Ransomware Epidemic Claims 40% of Organizations

Ransomware Epidemic Claims 40% of Organizations

Nearly 40% of firms have suffered a ransomware attack over the past year, according to new global research from Malwarebytes.

The security vendor polled over 500 IT leaders from the UK, Canada, US and Germany to better understand the extent of the ransomware epidemic sweeping the world.

The resulting State of Ransomware report revealed the major impact this insidious class of malware is having on organizations.

First there’s monetary loss – with over 40% paying the ransom, which in 60% of cases was over $1000.

Then there’s business downtime: over 60% of attacks took more than nine hours to remediate, 63% of firms spent over a day trying to fix endpoints, and 20% of organizations had to stop operations completely.

There are even more serious implications for some organizations – especially in the healthcare space. Some 3.5% of respondents claimed lives were at stake due to the impact of an attack on IT systems.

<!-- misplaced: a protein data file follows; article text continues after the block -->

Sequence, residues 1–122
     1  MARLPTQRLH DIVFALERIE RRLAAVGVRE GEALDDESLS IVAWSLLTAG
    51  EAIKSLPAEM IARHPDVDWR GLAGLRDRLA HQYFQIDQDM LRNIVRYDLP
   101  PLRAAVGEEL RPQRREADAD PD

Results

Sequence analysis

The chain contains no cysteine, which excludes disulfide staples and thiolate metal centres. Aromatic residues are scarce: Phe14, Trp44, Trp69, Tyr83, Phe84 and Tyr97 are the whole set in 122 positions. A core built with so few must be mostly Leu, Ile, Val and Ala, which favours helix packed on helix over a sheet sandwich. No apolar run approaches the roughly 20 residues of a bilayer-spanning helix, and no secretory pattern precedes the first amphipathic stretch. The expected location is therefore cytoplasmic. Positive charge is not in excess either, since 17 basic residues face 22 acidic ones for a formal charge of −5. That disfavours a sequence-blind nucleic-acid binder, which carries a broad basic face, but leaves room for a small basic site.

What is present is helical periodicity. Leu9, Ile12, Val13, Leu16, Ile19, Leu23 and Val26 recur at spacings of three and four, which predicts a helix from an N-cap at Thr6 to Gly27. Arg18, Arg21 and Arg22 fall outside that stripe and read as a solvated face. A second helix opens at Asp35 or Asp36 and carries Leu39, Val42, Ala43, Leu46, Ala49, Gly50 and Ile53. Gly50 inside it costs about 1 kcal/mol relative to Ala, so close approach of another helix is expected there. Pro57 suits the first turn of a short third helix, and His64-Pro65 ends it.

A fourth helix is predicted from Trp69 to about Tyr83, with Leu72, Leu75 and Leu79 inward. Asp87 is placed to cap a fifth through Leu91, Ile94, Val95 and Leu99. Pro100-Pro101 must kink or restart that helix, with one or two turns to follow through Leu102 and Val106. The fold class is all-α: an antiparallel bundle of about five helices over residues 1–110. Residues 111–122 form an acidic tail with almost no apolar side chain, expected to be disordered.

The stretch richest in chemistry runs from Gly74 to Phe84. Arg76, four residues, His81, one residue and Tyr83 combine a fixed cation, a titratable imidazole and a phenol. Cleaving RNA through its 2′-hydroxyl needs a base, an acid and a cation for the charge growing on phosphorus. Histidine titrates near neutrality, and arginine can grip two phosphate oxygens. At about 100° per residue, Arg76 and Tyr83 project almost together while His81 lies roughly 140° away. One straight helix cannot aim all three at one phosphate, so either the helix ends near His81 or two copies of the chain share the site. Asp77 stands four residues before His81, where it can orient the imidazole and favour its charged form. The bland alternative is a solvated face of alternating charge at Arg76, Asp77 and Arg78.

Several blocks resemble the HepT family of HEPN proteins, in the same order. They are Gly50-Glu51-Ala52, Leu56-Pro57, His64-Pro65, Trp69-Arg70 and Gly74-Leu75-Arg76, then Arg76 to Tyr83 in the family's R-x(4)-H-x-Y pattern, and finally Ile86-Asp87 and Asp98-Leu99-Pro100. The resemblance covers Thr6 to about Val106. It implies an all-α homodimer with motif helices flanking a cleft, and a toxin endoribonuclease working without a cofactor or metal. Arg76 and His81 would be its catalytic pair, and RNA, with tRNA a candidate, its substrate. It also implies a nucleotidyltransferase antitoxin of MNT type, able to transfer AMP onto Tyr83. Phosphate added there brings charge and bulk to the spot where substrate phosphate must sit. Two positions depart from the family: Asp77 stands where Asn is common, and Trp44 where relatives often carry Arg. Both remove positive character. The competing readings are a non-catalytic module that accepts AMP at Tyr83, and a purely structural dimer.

The UK did not fare well in the report, with British organizations losing the most money to ransomware. There were also more UK firms than any other where ransomware encrypted every single device on the corporate network, according to Malwarebytes.

In the face of this onslaught, the smart money should be on improving user training so employees can spot a suspicious email and know not to click any links or open attachments.

However, UK IT bosses were least likely to put training schemes in place, the report found.

Malwarebytes claimed that 78% of all ransomware affecting respondents’ organizations came through the endpoint, but part of the challenge facing firms is that cyber-criminals are also targeting the network and servers, rendering a strategy based solely on securing the gateway and endpoint ineffective.

Malwarebytes technical staff were unavailable at the time of writing, but a spokesman for the firm told Infosecurity: "A layered approach is always going to be the best way of addressing any threat that uses multiple attack vectors."  

It’s widely acknowledged that preventative steps should extend to regular back-ups of data along the 3-2-1 method: at least three copies, in two different formats, with one copy offsite.

Source: Information Security Magazine